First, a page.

CALIFORNIA: On October 12, the Act Against Hate Alliance hosted the second of a 10-segment Anti-Hate Crime Media Series designed to bring members of the media together with other key statewide stakeholders to identify effective solutions against hate crimes. Funding for this series is provided by the California State Library under the Stop the Hate initiative.
With hate crimes in California and across the US rising, fostering fear throughout minority communities, Senator Gloria Romero addressed the issue drawing on her decades of experience. As the former California State Senate Majority Leader and the first woman to ever hold that post, Senator Romero also chaired the committees on Public Safey as well as Education. This experience created a unique perspective on hate incidents.
Senator Romero highlighted the importance of honest dialogue, and regular personal interactions with different ethnic groups as essential steps toward addressing hate crime. With numerous laws in place in California that already target hate crimes, she emphasized that creating more laws is not necessarily the answer.
“Crime has become the top issue as we prepare to go out and vote," Romero said. "We always talk about new legislation. I would be one to say that I think we’ve got plenty of laws on the books, including anti-hate crime legislation. We are not going to criminalize and prosecute our way out of this.”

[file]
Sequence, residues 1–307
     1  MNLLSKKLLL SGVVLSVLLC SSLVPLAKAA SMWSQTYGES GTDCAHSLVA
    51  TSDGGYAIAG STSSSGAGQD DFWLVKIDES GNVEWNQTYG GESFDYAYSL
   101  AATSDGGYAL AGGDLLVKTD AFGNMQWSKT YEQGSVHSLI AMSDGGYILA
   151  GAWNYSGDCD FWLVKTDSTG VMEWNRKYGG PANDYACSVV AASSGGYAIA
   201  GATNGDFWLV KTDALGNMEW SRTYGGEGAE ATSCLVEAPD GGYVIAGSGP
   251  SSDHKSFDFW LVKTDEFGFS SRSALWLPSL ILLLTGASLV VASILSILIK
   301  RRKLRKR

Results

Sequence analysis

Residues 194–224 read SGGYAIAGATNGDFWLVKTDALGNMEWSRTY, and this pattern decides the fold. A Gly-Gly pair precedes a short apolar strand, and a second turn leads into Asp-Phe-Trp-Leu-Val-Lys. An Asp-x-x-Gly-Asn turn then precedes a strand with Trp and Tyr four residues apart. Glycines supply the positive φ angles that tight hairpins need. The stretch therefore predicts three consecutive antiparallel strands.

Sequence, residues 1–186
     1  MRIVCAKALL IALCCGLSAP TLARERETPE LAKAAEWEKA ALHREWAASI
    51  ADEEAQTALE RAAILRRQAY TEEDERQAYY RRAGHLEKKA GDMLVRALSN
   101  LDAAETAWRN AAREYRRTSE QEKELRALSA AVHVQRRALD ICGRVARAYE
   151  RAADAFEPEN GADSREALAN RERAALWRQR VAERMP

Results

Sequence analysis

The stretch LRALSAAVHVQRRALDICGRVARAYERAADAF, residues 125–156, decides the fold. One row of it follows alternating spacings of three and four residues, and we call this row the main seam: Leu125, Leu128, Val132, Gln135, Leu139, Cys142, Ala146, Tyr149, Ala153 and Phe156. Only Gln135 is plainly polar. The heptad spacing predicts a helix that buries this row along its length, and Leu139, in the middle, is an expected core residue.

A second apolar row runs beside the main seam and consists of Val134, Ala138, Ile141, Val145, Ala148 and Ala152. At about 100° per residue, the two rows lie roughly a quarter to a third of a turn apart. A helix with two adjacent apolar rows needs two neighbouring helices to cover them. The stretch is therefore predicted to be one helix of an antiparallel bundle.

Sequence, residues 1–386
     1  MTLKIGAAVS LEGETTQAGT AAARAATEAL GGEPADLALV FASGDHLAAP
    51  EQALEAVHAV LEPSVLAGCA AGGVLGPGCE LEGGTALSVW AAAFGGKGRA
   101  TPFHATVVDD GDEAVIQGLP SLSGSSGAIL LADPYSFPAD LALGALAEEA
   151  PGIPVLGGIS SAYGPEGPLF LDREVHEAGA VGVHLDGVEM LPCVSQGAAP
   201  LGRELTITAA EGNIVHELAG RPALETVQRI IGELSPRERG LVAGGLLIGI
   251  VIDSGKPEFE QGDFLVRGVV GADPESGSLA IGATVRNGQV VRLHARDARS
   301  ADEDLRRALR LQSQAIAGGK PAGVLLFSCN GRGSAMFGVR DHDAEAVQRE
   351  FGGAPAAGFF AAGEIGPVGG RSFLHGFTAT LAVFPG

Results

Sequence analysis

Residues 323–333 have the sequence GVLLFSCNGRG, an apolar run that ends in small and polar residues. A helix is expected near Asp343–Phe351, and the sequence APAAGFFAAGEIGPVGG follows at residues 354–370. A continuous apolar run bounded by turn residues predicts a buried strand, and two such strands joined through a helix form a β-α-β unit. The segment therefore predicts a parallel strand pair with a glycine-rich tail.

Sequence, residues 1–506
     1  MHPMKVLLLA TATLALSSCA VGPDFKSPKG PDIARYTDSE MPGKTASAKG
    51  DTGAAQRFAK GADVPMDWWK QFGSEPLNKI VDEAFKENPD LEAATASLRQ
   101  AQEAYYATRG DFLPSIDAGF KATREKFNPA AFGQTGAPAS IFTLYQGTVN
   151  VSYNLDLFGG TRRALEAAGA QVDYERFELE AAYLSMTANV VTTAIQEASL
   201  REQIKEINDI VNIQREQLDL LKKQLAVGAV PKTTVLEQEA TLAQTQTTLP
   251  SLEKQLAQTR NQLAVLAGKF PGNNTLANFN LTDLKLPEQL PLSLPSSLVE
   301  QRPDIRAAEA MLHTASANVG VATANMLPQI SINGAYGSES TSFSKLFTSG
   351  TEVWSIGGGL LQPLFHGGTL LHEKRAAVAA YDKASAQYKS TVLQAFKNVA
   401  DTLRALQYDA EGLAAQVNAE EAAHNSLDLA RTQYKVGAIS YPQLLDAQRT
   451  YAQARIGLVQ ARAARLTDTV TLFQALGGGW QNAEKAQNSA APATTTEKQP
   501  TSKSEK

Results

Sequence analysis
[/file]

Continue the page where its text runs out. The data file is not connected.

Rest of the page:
With many Asian Americans worried about even going out of their homes, about the safety of their families, and especially their children and elderly relatives, Romero underscored the importance of education in moving forward.
“Education is very important,” Romero said. “It becomes really difficult to learn when you are in school if you are worried about your physical security.”
Ensuring that law enforcement takes hate crimes seriously is another important step in ensuring that victims are validated and supported such that they are not revictimized by the systems in place to protect them. Natalie Salazar is the Executive Director for the Los Angeles Regional Crime Stoppers Program, a non-profit organization facilitating reporting of crime. Her organization provides safe and anonymous reporting so that victims can take action without fear of retribution.
“This is important to look at another alternative (for people who were afraid to report crimes to law enforcement),” Salazar said.
Salazar emphasized that the organization called Crime Stoppers provides an 800 number tip line and makes it possible to report on their website whether witnessing or being personally impacted by a hate crime or hate incident. Crime Stoppers has been in existence since 1973 to make communities safer and to support those who are victims of crime.
“This is something that is critical in dealing with a number of our communities because people are afraid,” Salazar said. “And they are afraid of what can happen in their own neighborhoods if they are targeted, they are afraid of what can happen in their workplace.”
Senator Bob Huff, co-founder of ACT Against Hate Alliance, praised speakers Romero and Salazar for their wisdom and leadership as he summarized the focus of the organization.
“ACT Against Hate Alliance seeks to bring out the best of who we are as a state and as a nation: respectful, diverse, compassionate, non-partisan, and inclusive,” Huff stated. “We all know too well the devastation that hate crimes unleash on our communities, our state, and our world. Working together, we will rise to celebrate the values that unite us and to find answers to what divides us. We will act against hate.”
The next program in this media series will be held on November 9, 2022. More information is available on ACTAgainstHate.org